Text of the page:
The Maryland retirement board is moving to give a bigger portion of its $18 billion pension fund to minority-owned investment firms to manage.
Several minority-owned firms have submitted proposals to invest share of the state's assets, and a committee of the retirement system's board of trustees plans to interview the companies soon.
The board's move follows the lead of Gov. Parris N. Glendening, who has made a priority of increasing minority state business. Bucking a national trend against affirmative action, Mr. Glendening helped pass legislation this year expanding the goal for minority participation in state contracts.
Seven or eight minority-owned firms manage about $75 million in state assets for the retirement system, according to Peter Vaughn, executive director of the State Retirement Agency. That is less than 0.5 percent of the state's portfolio.
Among the minority-owned businesses seeking the investment work is Chapman Co., the Baltimore company founded and controlled by Nathan A. Chapman Jr., a political supporter of Mr. Glendening.
In 1993, the city of Baltimore began considering a plan to invest $10 million in Mr. Chapman's company. The proposal collapsed in August 1994 when the Securities and Exchange Commission warned that the city would face severe financial and legal risks by making such a large investment in a small investment house.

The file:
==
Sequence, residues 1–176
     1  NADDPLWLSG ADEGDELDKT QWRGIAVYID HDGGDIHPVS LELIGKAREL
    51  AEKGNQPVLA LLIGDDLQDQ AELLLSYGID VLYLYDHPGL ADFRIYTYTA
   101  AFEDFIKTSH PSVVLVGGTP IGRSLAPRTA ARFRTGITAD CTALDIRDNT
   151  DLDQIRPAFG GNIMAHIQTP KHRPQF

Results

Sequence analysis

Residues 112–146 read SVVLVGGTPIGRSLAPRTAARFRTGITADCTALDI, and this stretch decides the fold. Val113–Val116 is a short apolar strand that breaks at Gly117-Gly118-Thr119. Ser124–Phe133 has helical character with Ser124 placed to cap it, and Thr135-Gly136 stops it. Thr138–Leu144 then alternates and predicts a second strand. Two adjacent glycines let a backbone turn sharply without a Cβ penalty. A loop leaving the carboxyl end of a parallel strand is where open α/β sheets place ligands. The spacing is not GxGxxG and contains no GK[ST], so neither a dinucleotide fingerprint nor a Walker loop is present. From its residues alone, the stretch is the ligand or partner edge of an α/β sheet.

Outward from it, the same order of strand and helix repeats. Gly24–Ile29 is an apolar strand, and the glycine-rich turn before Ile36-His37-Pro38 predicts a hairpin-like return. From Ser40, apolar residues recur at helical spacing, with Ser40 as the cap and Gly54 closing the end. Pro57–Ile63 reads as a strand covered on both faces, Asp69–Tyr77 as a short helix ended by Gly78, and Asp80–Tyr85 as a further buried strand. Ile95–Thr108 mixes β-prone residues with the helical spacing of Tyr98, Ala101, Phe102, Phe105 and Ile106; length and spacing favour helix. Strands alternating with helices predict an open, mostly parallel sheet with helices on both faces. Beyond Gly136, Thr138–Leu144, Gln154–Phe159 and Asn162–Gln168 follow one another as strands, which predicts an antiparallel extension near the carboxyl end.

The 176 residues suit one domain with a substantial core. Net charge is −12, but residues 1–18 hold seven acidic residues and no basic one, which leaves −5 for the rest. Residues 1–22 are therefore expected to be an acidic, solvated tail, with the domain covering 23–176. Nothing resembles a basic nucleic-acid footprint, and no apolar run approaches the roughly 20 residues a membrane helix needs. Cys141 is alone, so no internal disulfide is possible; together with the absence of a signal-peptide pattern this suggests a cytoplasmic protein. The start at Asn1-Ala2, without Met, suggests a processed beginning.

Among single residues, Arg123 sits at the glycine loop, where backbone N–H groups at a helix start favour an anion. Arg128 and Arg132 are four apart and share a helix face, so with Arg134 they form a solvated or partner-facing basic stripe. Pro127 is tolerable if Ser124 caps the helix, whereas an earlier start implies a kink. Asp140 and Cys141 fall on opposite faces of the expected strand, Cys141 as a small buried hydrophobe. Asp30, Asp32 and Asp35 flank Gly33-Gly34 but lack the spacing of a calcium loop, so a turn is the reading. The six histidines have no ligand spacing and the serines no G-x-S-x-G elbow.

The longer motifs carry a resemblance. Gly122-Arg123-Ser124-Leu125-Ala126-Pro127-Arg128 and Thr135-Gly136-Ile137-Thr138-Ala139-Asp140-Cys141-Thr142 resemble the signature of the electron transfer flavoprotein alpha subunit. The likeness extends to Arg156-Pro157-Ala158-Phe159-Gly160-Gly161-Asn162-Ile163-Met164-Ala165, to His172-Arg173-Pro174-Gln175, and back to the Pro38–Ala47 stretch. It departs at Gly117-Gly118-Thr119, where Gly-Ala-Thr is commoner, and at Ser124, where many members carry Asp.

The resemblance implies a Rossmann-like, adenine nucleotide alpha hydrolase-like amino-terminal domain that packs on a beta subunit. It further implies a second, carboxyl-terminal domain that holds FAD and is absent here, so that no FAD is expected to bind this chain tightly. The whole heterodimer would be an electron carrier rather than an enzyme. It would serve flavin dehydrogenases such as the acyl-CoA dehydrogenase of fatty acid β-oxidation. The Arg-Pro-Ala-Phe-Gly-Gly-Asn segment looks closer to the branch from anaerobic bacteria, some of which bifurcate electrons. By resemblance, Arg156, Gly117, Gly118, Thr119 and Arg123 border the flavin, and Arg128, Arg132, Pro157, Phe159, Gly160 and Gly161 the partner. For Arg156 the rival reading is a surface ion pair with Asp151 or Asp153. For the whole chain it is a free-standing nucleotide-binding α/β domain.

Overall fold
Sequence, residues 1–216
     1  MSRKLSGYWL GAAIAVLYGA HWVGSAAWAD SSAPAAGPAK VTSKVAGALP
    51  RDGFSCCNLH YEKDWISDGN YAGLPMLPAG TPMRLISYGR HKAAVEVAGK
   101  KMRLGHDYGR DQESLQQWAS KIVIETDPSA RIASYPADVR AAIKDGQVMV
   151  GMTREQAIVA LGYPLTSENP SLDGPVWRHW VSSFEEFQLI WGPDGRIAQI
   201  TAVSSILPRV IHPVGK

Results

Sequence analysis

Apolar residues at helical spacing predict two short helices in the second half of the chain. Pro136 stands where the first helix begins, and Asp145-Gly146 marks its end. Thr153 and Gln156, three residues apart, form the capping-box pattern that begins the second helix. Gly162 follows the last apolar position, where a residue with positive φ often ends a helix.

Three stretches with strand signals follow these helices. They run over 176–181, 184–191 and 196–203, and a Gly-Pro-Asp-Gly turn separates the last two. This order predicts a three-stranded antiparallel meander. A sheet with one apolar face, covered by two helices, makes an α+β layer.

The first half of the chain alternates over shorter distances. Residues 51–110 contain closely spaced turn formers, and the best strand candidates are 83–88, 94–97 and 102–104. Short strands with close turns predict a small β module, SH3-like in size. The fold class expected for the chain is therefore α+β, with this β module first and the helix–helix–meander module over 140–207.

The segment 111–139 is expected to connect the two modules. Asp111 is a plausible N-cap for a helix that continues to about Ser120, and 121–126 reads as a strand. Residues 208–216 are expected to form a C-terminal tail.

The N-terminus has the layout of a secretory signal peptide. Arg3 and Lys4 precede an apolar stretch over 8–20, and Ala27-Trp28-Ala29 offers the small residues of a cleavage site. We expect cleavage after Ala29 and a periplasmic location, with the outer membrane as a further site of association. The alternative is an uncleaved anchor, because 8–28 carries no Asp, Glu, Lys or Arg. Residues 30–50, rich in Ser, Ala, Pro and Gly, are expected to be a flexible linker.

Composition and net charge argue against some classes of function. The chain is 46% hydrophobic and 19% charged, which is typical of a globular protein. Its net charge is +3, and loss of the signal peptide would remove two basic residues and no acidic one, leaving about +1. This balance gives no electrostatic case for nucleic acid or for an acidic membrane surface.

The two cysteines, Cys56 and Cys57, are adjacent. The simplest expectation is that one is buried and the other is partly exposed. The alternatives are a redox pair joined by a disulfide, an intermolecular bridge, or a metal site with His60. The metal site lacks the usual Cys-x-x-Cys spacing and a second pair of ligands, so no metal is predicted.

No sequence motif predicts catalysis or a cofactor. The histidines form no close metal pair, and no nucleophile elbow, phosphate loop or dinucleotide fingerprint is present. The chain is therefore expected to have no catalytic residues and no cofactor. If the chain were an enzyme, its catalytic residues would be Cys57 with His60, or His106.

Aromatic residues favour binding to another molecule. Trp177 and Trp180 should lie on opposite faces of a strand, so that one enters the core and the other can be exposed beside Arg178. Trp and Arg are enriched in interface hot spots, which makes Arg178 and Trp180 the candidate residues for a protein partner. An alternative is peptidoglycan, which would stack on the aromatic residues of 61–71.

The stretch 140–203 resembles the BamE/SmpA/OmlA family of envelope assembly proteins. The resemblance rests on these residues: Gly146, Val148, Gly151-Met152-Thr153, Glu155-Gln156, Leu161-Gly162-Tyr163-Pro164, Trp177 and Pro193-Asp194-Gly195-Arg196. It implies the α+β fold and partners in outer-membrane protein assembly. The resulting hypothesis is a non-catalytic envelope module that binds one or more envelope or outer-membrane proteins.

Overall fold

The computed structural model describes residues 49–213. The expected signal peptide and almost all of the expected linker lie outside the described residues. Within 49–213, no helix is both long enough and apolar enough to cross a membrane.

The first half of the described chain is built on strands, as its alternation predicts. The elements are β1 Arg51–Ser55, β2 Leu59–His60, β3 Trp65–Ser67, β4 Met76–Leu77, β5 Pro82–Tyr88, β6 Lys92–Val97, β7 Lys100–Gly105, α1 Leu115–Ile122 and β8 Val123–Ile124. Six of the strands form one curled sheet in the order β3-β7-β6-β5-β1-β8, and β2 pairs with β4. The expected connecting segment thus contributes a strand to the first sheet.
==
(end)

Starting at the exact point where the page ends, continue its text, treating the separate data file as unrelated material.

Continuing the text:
Mr. Chapman has pushed aggressively in recent months to win some of the state's investment business, according to board members.
Mr. Chapman was not available yesterday and a company official did not return a telephone call seeking comment.
Mr. Chapman's effort has the backing of many black legislators.
"I think Nate is going to find more and more that the Legislative Black Caucus and others will help him to get in the doors," said Del. Elijah E. Cummings, a black Baltimore Democrat. "I want to open the doors not just for Nate but for African-American children who want to grow up to be Nate Chapmans."
A longtime political player in Baltimore, Mr. Chapman has also emerged as an ally of the governor. Mr. Chapman and his wife gave $3,000 to Mr. Glendening's gubernatorial campaign.
In February, Mr. Glendening appointed Mr. Chapman to the University of Maryland board of regents.
Dianna Rosborough, a spokeswoman for Mr. Glendening, said Mr. Chapman has not asked the governor for help in winning the state pension work. She said Mr. Glendening wants to increase minority dealings with the state but has not asked the retirement board to expand its contracts with minority firms.
At the same time, the governor wants to keep as much state business with state firms as possible, Ms. Rosborough said. That goal could benefit Chapman Co. because Maryland has so few minority-owned investment firms.
The retirement board has not decided how much more of the state's assets it will place with minority-owned firms, according to Mr. Vaughn.